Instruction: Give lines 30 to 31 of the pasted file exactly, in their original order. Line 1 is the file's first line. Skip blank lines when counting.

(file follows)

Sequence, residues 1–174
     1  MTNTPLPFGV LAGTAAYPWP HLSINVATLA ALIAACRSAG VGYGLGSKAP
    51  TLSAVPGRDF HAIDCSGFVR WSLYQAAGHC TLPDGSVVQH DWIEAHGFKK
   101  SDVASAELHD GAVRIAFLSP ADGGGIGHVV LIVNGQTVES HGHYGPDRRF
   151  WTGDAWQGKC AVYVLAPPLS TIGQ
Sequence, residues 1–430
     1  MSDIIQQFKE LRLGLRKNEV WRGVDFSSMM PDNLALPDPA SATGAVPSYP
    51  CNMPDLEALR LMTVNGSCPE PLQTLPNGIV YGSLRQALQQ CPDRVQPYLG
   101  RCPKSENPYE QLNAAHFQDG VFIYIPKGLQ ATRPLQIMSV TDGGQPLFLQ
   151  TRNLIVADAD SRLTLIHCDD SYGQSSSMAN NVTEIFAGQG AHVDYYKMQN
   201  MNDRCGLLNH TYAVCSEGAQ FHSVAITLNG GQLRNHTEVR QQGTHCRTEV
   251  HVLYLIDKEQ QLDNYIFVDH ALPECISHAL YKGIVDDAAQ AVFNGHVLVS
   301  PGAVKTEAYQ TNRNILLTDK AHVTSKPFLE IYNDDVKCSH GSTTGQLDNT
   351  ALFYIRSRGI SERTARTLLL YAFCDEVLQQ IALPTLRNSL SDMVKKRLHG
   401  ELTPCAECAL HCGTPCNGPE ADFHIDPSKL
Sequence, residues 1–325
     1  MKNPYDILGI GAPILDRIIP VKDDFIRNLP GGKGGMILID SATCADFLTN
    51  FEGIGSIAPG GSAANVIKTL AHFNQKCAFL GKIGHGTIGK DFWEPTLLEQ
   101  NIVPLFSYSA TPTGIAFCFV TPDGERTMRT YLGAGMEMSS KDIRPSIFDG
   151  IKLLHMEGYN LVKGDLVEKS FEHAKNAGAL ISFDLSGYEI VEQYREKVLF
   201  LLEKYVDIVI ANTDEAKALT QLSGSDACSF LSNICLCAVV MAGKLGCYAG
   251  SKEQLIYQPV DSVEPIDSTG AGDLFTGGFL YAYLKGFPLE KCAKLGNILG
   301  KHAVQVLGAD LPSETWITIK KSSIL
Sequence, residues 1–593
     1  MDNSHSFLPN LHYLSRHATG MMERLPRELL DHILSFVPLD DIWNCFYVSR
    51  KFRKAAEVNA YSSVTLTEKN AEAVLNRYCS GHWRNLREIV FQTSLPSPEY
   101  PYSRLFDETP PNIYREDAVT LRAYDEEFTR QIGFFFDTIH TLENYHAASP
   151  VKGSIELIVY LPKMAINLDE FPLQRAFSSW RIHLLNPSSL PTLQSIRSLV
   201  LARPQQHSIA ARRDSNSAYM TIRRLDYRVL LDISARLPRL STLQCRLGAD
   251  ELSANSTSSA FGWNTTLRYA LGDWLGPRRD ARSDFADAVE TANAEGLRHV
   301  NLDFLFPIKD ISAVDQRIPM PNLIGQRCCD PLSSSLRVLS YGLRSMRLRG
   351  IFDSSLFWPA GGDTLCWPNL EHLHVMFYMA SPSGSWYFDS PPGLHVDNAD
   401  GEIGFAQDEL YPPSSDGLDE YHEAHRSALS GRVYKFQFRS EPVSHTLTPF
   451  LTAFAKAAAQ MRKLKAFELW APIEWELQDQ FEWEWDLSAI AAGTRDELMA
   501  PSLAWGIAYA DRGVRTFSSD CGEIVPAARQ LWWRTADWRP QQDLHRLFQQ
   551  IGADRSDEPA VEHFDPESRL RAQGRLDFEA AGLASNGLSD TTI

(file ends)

   251  ELSANSTSSA FGWNTTLRYA LGDWLGPRRD ARSDFADAVE TANAEGLRHV
   301  NLDFLFPIKD ISAVDQRIPM PNLIGQRCCD PLSSSLRVLS YGLRSMRLRG